The Telecom Regulatory Authority of India (TRAI) brought the National Tariff Order back in 2019. The notification of this new development was seen as a positive step by the subscribers; however, the same feelings were not shared by the broadcasting community. The big hotshots of the broadcasting industry unitedly opposed the NTO in various High Courts across the country. The legal tussle still persists between the parties and the sector regulator. Soon after the new tariff regime, which was nightmarish to implement given the lack of preparation and technical know-how among the subscribers, it soon became clear that broadcasters might have had a point. As per the surveys post the NTO rollout, a lot of Cable TV subscribers reported a rise in their monthly bills, an outcome that was not expected. In such a scenario, it begs to be questioned what points do the broadcasters raise in this issue.
Arbitrary Limit on Channel Pricing
First and foremost is the limit of channel pricing, which has been slapped on the broadcasters. Although in the latest Bombay High Court ruling, the broadcasters were able to break free from one clause of the NTO 2.0, the ideal scenario is far away for them even yet. In a conversation with a senior official of a big broadcasting firm, it was highlighted that TRAI had arbitrarily fixed the limit of the channel price at Rs 12 and then given the leeway of pricing it up to Rs 19. The main pain point for the broadcasters seems to be the single yardstick that has been used to price all the channels.
The channels with a vast coverage and heavy content output have been allowed to be priced as same as some of the less noteworthy channels. While the latter might spend way less on buying rights, the former has to spend a lot more. The solution to the cash crunch lies in advertisement revenue, which on the other hand, causes a pinch in the quality of content. Further on, the higher pricing of the channel discourages the subscribers to watch these channels, causing a subsequent fall in advertising revenue as well.
Heavy Handed Regulation by TRAI
Hence, what we see here is a double-sided regulation from the Telecom Regulatory Authority of India (TRAI), which is looking at the DTH industry from the lens of telecom. This is, however, absent in the industry of data packs and OTT content, where data is allowed to flow abundantly, and there is minuscule regulation in the pricing affairs of OTT platforms. On the other hand, when it comes to the DTH industry, the intermediaries have the upper hand since their NCF is fixed regardless of what number of channels the subscribers have, and they have ensured payment of Rs 130 on every connection.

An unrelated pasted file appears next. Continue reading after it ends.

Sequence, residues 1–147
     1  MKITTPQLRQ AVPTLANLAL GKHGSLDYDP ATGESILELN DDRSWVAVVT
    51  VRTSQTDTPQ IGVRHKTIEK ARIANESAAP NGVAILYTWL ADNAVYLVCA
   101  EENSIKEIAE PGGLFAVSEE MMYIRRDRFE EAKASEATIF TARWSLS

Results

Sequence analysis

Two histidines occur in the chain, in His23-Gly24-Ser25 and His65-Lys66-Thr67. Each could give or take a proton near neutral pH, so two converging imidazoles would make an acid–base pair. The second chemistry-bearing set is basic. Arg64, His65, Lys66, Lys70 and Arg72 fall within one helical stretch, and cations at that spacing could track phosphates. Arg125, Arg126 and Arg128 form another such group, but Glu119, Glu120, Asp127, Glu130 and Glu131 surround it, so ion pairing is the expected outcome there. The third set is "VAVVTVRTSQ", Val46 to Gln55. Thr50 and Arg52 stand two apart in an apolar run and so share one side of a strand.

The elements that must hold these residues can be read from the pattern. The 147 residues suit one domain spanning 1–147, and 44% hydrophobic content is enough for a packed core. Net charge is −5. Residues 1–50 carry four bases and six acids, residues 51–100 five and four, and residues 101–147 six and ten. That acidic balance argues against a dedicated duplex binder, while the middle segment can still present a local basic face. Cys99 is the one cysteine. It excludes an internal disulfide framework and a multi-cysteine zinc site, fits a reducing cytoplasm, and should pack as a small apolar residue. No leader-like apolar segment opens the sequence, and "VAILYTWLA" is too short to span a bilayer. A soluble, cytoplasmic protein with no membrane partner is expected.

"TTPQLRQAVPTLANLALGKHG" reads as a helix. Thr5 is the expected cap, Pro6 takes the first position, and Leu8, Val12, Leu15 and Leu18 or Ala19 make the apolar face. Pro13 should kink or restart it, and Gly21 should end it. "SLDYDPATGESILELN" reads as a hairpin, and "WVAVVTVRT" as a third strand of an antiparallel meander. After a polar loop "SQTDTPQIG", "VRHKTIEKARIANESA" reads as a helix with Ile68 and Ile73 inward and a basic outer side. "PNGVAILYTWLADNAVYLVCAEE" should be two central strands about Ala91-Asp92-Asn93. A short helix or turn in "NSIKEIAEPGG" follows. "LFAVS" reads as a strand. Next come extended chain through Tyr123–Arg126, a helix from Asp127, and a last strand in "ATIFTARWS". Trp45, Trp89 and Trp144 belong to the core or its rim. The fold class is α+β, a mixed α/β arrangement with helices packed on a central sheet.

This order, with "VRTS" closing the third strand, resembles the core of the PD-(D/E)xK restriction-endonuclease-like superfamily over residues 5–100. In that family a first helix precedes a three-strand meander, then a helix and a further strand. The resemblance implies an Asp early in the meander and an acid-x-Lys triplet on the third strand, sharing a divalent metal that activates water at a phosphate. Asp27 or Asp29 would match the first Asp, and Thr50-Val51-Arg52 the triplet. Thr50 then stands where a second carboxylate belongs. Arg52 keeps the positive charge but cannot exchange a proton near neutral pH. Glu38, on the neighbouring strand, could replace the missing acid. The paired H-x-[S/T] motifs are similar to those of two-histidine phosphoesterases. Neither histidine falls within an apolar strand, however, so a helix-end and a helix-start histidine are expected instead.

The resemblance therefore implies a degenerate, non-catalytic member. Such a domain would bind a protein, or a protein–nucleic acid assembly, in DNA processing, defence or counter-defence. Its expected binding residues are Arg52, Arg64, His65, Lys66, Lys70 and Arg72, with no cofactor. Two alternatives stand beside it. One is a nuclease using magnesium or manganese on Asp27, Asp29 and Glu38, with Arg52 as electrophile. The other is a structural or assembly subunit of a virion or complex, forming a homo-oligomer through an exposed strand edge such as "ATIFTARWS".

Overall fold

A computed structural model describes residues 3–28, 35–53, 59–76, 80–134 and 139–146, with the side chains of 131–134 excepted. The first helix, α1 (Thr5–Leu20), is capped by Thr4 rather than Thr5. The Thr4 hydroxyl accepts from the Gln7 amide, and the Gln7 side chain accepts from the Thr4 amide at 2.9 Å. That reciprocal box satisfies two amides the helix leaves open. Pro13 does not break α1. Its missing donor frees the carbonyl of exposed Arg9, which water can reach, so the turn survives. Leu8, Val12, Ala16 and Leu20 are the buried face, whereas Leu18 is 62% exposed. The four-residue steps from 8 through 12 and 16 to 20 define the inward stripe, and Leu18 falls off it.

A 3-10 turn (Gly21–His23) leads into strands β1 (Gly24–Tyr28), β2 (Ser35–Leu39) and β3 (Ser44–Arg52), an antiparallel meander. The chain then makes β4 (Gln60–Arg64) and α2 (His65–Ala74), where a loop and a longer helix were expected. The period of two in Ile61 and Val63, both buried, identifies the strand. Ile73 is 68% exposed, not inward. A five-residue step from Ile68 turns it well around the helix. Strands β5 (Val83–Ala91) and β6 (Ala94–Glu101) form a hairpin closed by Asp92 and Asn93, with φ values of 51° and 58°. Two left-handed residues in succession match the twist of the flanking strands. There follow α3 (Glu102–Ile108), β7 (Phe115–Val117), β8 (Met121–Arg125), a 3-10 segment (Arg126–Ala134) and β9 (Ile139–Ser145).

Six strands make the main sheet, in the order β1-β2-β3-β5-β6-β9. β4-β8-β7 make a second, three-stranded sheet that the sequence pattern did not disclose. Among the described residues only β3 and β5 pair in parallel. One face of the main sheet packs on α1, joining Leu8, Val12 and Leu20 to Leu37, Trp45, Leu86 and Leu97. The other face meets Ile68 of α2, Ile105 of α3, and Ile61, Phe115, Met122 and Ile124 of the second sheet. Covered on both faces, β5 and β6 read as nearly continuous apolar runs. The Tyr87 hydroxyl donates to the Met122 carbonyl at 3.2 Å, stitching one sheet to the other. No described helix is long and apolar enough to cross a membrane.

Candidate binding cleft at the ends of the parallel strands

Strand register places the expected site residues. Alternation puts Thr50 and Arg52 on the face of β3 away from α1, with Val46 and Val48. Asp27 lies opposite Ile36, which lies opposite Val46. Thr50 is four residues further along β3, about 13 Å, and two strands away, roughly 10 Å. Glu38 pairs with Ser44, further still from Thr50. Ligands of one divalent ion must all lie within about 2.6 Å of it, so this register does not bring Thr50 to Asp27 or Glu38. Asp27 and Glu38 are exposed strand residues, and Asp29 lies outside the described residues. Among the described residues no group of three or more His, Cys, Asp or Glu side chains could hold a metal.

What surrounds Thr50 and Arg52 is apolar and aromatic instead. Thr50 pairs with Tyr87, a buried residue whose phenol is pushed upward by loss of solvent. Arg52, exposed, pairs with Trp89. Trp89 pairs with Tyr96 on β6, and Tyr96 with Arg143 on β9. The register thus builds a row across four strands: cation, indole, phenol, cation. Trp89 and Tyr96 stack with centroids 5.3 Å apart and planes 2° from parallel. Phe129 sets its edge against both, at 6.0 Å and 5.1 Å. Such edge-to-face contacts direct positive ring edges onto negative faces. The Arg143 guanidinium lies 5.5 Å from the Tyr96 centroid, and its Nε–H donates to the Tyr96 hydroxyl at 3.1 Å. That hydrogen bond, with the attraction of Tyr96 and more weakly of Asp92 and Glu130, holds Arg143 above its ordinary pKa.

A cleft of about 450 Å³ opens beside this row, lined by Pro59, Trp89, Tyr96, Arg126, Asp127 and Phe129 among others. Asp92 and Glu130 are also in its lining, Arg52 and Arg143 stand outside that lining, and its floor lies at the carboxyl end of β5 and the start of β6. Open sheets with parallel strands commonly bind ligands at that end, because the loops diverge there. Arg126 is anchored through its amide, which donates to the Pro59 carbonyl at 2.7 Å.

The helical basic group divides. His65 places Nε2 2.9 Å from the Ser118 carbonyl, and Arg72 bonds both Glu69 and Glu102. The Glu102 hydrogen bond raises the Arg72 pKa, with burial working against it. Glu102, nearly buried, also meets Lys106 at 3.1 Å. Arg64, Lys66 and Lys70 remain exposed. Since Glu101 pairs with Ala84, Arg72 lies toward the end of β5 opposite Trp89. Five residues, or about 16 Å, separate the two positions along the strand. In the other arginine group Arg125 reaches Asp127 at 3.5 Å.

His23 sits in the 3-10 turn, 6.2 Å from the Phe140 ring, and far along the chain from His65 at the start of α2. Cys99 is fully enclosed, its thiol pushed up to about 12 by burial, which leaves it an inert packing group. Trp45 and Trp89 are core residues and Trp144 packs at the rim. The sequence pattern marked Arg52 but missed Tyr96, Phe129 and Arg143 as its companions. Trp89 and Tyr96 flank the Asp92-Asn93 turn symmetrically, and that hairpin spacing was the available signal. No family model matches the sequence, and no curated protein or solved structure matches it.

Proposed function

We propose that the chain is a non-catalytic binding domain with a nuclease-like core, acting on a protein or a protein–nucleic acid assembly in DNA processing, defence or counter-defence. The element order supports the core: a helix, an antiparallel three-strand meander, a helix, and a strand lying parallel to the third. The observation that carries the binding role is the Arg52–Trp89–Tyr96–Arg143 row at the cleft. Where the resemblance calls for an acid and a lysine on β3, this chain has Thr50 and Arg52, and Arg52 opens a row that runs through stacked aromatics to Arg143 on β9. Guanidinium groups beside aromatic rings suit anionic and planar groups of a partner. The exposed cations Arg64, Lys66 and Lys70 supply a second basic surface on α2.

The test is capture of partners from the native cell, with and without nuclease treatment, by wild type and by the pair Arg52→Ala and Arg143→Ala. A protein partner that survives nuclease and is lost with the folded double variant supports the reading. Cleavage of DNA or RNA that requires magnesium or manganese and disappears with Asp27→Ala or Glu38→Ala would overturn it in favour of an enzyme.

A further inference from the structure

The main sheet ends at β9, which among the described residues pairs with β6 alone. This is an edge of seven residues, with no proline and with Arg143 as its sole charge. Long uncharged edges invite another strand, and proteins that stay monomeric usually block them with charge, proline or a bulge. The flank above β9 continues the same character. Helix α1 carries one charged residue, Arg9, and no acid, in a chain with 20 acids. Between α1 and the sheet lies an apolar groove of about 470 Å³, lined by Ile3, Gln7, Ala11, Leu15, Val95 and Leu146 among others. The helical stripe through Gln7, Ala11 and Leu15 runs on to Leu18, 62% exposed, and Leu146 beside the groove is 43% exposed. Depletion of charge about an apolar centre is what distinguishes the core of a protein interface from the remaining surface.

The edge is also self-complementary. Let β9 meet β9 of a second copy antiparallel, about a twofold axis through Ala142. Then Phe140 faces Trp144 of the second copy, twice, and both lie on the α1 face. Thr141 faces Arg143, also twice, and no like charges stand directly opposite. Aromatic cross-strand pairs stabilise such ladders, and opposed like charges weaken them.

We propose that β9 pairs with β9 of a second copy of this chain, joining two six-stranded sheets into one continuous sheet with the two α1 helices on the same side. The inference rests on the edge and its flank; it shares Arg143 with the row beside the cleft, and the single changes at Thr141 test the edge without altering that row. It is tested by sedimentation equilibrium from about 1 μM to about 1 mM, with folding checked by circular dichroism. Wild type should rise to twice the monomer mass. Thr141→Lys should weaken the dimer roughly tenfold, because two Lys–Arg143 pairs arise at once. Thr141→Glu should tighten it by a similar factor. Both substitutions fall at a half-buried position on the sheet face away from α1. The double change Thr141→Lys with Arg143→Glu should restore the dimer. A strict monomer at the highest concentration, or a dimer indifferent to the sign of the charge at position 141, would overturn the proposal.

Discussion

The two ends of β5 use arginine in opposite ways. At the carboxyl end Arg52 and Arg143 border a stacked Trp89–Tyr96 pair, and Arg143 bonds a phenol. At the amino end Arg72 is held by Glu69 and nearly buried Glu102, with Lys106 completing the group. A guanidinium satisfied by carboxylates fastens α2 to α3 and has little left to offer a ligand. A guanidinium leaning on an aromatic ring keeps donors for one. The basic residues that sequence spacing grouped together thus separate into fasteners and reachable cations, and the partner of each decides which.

Broadcasters and the Audit Troubles
The broadcasters also face the problem of severe under-reporting since the auditing powers, as per the new regulations, stay with the DPOs. As per a letter obtained by TelecomTalk to TRAI, broadcasters have written how there have been vast discrepancies between the numbers reported by the regulator and the numbers reported by DPOs post the audit. In fact, a lot of DPOs have not even fulfilled their auditing duties. For example, in the October-December 2019 Quarterly Performance Indicator Report (PIR) of TRAI, there were 69.98 million DTH subscribers as of December 2019. But, the figures reported to the broadcasters were off by more than 10 million subscribers, hence signalling blatant under-reporting on the back of missing empanelment of auditors.
In such a scenario, there needs to be a balance in regulation by TRAI, wherein the auditing measures, an activity that keeps the industry in check, should be stringently executed by the DPOs, and the broadcasters should be given more say in it. Not only this, but the heavy-handed regulation with a telecom perspective should be thought over again, and the market forces should be given a more say in how the broadcasting industry and DPOs operate in tandem. This would not only be for the benefit of stakeholders but by ripple effect, good for the consumers as well.